Display your Mastodon followers count on a 4 digit TM1637 display
If you ever wanted to show how many followers on Mastodon you have without pointing people to your account, but instead present it on a physical numeric display, you have come to the right place.
This is a quick and simple project that with the right hardware you can finish in maybe 15 minutes. And can be infinitely expanded by presenting other information as well, or toggling through data, or doing simple animations. The sky (but not Bluesky) is the limit.
What you need
A single board computer with GPIOs, any Raspberry Pi or its clone will do. I wrote the script to be run a full-fledged computer running Pi OS, but with minor modifications can also be run on a microcontroller like a Pi Pico. For brevity, I will assume you are using a Raspberry Pi.
A TM1637 based four digit display. You can buy them cheap from Arduino or any other electronics store.
Female to female connecting cables.
Create access creds for Mastodon API
The Pi will need to talk to Mastodon using the Mastodon API. For that to happen, access credentials need to be generated. Open your Mastodon account page, and go to Preferences, next Developer, and click New Application. Fill in the form, the name and website can be anything, it does not matter. In the Scopes section select only “read all your account’s data”. That is all that is needed, and it is a good practice to give such creds only the minimal set of permissions, so don’t select anything else.
Once you created an application, you will be given the Client key, the Client secret and the Access token. Save them in a secure place and do not share them with anyone. Let’s now move to setting up the Pi.
I assume you have a working single board computer running Linux, which you can access using a keyboard and a screen, or via SSH. I will not dive into configuring and starting an SBC here.
Once you have an SBC ready, make sure it is powered down before connecting the display to the Pi.
Here’s the pinout diagram which I have taken from the Pi’s official documentation. If you are using a different board, check its docs.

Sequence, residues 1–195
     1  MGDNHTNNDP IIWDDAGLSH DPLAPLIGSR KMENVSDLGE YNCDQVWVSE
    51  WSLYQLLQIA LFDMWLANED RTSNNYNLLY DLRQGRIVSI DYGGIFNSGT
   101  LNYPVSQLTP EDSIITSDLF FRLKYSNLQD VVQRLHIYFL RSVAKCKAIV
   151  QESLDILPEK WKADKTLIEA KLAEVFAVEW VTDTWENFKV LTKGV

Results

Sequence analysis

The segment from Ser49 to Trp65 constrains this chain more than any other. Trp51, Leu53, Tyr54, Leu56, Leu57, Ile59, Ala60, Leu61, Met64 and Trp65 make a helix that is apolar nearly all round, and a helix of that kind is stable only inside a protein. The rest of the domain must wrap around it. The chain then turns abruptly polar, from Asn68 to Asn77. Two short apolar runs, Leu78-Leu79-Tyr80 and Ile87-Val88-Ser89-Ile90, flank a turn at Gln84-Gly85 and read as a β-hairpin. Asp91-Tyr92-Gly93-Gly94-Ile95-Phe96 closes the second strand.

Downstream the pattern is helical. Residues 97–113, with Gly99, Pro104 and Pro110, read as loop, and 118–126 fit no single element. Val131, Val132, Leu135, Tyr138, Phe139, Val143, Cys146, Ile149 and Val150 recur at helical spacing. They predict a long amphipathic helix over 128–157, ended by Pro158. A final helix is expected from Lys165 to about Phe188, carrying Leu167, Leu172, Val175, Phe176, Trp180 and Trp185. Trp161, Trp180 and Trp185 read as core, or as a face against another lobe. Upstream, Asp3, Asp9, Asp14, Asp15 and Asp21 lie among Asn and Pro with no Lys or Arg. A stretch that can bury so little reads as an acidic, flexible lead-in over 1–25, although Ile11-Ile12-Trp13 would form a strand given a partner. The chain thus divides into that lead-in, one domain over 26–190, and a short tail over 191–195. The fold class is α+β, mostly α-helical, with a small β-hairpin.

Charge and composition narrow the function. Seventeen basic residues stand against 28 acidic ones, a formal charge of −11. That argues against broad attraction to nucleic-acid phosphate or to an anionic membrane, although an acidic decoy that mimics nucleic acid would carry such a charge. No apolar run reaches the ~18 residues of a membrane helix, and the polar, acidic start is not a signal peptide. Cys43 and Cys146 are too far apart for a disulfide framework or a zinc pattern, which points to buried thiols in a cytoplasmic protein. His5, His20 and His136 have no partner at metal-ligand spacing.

The display has four pins: VCC, GND, CLK and DIO.
Connect the VCC pin to the 3.3V pin on the Pi, this is GPIO 1. Connect the GND pin to any of the ground pins on the Pi, I connected it to the ground pin next to the 5V pins, as it’s the closest one to the 3.3V one.
The CLK and DIO pins can be connected to any digital input/output pin on the Pi.
I connected them to GPIO 2 and GPIO 3 respectively as again, they are the closest ones.
Start the Pi and open the terminal.
I am assuming you are running a Debian-like distro. If not, use the package manager that comes with it. This will be the only distro-specific part.
First, make sure you have
git installed. We will need them later.
sudo apt-get install python3-venv git
Copy my repo to fetch the required files
git clone https://codeberg.org/stfn/mastodon-followers-display.git
Now it’s time for setting up the script. It is good practice to never mess with the system Python environment, so let’s create a virtual environment to install the dependencies needed to run the script.
python3 -m venv venv
pip install -r requirements.txt
The next step is to set the access credentials so that the script will be able to talk to Mastodon. Copy the
.env-example file to a new one called
.env and fill in the variables with the credentials you got when setting up the Mastodon API. The
API_BASE_URL is the url of your instance.
cp .env-example .env
Running and adding to cron
Once the setup is done, it’s time to actually test the script
The display should come to life, first show 0000, and once the Pi logs into Mastodon, it should show your followers count. If nothing happens, make sure that the pins are connected correctly, maybe DIO and CLK are the other way round.
The final step is adding the script to cron so that it will be run periodically, for example every five minutes.
At the bottom of the file, add this line:
*/5 * * * * /home/stfn/mastodon-followers-display/venv/bin/python /home/stfn/mastodon-followers-display/script.py
The first part of the line is the cron time statement. This one means “every ten minutes”. Use crontab guru if you want to have a different time period. Cron requires absolute paths, that’s why we are providing first the path to the python binary that is in the virtual environment created during setup, and then the absolute path to the script file. Remember to change the paths to your actual ones!
Aaand done, now you can put the Pi with the display on a shelf and boast how many people follow you on Mastodon, after all, this is all that matters, right? Right?
( ͡° ͜ʖ ͡ – ✧)
Thanks for reading! Please leave me feedback via email or Mastodon, and if you really enjoyed this short post, consider helping with funding my future projects by supporting me on these crowdfunding sites: